Dynamic tidal power is a technology that uses the difference between the potential energy and kinetic energy of tides. Long dams are built from coasts straight out into the sea or ocean—meaning that the tides in the areas where these systems might be implemented usually flow parallel to their respective coasts. During the movement of tides, water on one side of the dam is at a higher level than the other side. As this water flows through the dam it drives a series of turbines installed within the dam and generates electricity. Furthermore, these dams are designed with bi-directional turbines, which flip 180o after each tide in order to generate power both when the tide comes in and goes out. The added output from having bi-directional turbines is a huge advantage for these types of systems since they allow the power output to basically double.
Dynamic tidal power generation remains in the developmental stages meaning that any data is based on models and known tidal behaviour. With that being said, these models tend to be highly advanced and have high confidence in these theoretical predictions.
A dynamic tidal power dam can be 30 to 60 km long and is typically built perpendicular to the coast, running relatively straight out into the ocean. This design does not enclose any area, thus allows more freedom for aquatic life without risk of being trapped. These dams generate a water level difference from one side of the dam to the other—known as 'head'. The head difference (difference in water level between both sides) is predicted to be able to reach up to a few meters. The higher the head difference will result in much higher power production.
In 2015, Canada generated 670 terawatt-hours of electricity. This means that a single dynamic tidal power dam, with an 8 GW installed capacity (this is the theoretical maximum output of a power plant) and a capacity factor of 30% (this is the ratio of actual power output to theoretical power output) could generate almost 4% of Canada's total power output or 21 terawatt-hours annually.
These types of dams, by necessity, tend to be very long (30 to 60 km) which is significantly longer (and more expensive to build) than current coastal structures. However, a long dam can function with multiple purposes such as land reclamation, connections between islands, mainland coastal protection, and deep sea and liquefied natural gas ports. The initial investment costs could easily be shared between these different industries, thus helping to lower the cost per kWh and create higher return investments.
The moon (and subsequent tidal force) isn't going anywhere anytime soon which means that this type of tidal power will be around indefinitely. Furthermore, the tidal cycle is predictable and repetitive which allows us to know exactly when and how much power is obtainable.
Interestingly enough, since these dams are built perpendicular to the shore and the tide flows parallel, dynamic tidal power doesn't require huge tidal ranges. Therefore, these could be implemented in locations throughout the world, which is advantageous over other forms of tidal power (ex. tidal stream generators and tidal barrages) since they tend to require more intense tidal fluctuations in order to be economically viable.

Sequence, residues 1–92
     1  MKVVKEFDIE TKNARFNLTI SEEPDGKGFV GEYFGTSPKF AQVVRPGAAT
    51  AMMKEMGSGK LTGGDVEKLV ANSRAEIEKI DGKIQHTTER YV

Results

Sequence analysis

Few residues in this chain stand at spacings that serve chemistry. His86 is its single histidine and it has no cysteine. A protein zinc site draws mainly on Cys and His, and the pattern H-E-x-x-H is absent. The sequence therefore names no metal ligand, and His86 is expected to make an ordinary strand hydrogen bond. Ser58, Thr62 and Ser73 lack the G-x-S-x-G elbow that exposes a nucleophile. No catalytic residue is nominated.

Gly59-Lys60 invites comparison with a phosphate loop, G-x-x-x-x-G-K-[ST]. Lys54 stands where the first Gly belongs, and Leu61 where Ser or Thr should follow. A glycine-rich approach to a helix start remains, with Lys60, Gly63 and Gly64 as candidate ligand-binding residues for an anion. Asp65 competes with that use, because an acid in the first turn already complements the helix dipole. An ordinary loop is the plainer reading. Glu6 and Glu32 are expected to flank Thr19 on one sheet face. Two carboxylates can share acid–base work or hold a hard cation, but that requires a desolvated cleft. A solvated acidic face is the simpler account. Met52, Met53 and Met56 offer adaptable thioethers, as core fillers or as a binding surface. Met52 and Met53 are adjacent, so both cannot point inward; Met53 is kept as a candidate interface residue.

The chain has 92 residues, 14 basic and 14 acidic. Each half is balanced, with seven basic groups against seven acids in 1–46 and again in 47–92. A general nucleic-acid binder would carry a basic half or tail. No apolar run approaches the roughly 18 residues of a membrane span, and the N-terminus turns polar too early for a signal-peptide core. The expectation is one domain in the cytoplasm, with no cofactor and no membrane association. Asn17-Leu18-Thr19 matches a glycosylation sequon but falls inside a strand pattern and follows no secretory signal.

Unfortunately, due to the nature of the tides and the design of these dams, a full project must be built in order to guarantee predicted success. Building a miniature dam would be ineffective since these dams require a predicted minimum length of 30 km to ensure economic viability. Such a dam would require an enormous capital investment and if the design failed a lot of money would be lost. Furthermore, construction of a structure that extends 30 km or further into the ocean has never been attempted—the technology is available but the difficulty is extremely high.
The environmental impact of such a system could be significant. Unfortunately, in areas where any tidal power stations might be built happen to be some of the most densely populated ecosystems in the ocean. Changes in water levels might harm plant and animal life and alter the sea water composition. Also, turbines in dynamic tidal power stations move quickly, and if protection is not built in, marine animals can be caught in the blades. If aquatic life drops in the area, birds typically found there might migrate to different places. An entire major ecosystem could be significantly altered. Further research is needed in order to determine just how large of an impact such stations might have.
It is difficult to determine the cost per MW for these types of power stations since none have been built yet. However, the costs are sure to be much higher than any other field of energy generation.
While the costs are high and the results as yet unknown, this technology may still have a place in the future electrical grid. As technology advances (which it will) and as climate change becomes more prevalent (which is virtually certain) there will be additional pressure to look for power with lower greenhouse gas emissions. Thus, the more that is known about alternative energy resources, the lower their costs. With these lower costs, transitions in power generation will be smoother.